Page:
Bonds' attorneys want case pared down

SAN FRANCISCO – Ambiguity was on display once again in Courtroom 10 on Wednesday in the continuing pretrial saga of the perjury steroids case against Barry Lamar Bonds.

The government and defense made oral arguments before Judge Susan Illston on a defense motion to pare down the latest indictment from 15 to five counts. Illston said she would make a written ruling in the near future.

Defense attorney Dennis Riordan made the familiar Bonds argument that many of the counts are too ambiguous and confusing to support "a valid conviction." He noted muddled queries, such as when the former slugger was asked in front of the grand jury if he "had taken anything like" steroids.

Assistant U.S. Attorney Doug Wilson made the argument that even "fundamentally ambiguous" questions are not a valid reason to drop perjury counts. Wilson argued that Bonds would only have a defense against ambiguous questions if "no one can understand them," in essence suggesting the former baseball slugger should be held to the standard of a professor of semantics.

Wilson argued that if the questions were ambiguous, "This is really a jury question. Any alleged ambiguity is something Mr. Bonds can argue to a jury."

Riordan's points were similar to those Illston supported when she sent the first Bonds indictment back for a government redo in March.

Last month Illston stunned prosecutors by rejecting their demands for jail time in two BALCO convictions, that of former cyclist Tammy Thomas and sprint coach Trevor Graham. Illston clearly wants the Bonds case to move to conclusion. She leaned forward at one point and said pointedly. "I want an end to the motions."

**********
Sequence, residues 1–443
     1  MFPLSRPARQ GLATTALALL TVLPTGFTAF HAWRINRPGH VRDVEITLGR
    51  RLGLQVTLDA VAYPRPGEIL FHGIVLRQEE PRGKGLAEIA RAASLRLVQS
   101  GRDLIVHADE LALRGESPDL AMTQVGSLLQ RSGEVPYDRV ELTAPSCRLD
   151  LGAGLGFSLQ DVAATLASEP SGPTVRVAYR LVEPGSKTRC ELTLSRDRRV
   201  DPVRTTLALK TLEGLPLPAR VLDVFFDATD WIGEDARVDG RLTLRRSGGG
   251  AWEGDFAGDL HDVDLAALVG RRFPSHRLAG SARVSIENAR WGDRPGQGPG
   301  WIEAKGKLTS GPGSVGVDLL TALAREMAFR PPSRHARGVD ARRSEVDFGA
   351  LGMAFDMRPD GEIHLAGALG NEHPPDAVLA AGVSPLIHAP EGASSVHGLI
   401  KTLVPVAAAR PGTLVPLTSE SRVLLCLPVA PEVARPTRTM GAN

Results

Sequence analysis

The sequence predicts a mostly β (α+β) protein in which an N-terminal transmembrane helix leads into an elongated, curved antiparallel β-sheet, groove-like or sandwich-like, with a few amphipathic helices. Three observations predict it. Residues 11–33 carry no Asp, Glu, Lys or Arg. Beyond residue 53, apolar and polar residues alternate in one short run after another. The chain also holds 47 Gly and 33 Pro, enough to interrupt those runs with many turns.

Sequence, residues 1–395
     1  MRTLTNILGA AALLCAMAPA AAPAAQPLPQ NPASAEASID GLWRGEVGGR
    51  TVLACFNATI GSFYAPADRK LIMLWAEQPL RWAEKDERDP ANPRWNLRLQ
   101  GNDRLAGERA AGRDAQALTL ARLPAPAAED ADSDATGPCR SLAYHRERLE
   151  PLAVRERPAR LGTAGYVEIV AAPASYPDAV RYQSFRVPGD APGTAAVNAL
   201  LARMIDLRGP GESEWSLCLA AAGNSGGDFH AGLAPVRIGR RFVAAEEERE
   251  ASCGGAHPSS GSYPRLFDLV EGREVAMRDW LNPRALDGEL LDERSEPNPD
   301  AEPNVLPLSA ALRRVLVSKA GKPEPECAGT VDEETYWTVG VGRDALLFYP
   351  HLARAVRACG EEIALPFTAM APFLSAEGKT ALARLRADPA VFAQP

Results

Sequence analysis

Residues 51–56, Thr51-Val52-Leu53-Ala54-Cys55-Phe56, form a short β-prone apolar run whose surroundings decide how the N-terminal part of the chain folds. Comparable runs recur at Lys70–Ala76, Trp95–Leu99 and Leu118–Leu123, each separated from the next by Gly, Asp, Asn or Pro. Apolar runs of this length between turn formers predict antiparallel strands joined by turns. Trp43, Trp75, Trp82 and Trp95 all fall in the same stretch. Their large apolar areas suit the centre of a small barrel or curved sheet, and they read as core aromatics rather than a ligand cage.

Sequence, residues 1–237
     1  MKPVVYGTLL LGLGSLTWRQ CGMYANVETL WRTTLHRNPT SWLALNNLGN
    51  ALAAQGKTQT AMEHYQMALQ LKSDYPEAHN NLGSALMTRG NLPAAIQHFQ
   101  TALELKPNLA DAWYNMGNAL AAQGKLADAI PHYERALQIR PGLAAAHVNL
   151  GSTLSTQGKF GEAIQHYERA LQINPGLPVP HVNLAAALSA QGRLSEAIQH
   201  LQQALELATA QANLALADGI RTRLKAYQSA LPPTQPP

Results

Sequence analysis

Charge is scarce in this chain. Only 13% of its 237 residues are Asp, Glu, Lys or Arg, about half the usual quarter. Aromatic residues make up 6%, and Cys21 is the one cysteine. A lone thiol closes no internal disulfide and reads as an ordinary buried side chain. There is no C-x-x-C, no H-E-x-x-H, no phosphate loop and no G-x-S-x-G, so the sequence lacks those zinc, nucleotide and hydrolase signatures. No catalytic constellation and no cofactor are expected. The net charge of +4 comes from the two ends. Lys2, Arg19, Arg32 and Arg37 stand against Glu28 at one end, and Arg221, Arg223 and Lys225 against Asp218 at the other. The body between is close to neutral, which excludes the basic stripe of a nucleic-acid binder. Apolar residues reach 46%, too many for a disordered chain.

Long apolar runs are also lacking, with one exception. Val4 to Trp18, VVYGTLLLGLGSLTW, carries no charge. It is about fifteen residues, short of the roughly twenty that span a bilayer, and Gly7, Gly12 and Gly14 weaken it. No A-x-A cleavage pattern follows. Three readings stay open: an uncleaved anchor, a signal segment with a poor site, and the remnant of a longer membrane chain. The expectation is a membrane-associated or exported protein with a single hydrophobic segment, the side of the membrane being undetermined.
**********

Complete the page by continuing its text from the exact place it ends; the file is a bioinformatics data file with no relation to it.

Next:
Allen Ruby, another of Bonds' attorneys, surprised the government at the end of the hearing by telling the judge that he hoped to develop a schedule for hearings on what he called foundation issues.

"Evidence that we think can't come into evidence," said Ruby. "There's no foundation for it."

The lawyer gave the example of a "chemical" test. "We think they can't establish a scientific [basis] or a chain of custody." Ruby is believed to have been referring to a test for testosterone ordered by BALCO for Bonds.

Prosecutor Matthew Parrella indicated the government would fight such challenges: "If what he's suggesting is that we try the case before the trial, the government is not on board with that."

Illston asked the parties to propose a schedule or "competing schedules" to sort out these evidentiary challenges by November 21, and Ruby suggested that such legal skirmishes might take place in January.

With Barack Obama's landslide victory Tuesday, prosecutors may have to deal with another obstacle – the prospect of a new boss. U.S. Attorneys tender their resignations with a change of administration. Republican Joseph Russoniello, the sitting San Francisco U.S. Attorney, is unlikely to be asked to continue in his post. That may put the prosecution in the position of reporting to a new U.S. Attorney in the weeks and months before the Bonds trial.

It would be the third U.S. Attorney since Bonds testified before the grand jury in 2003.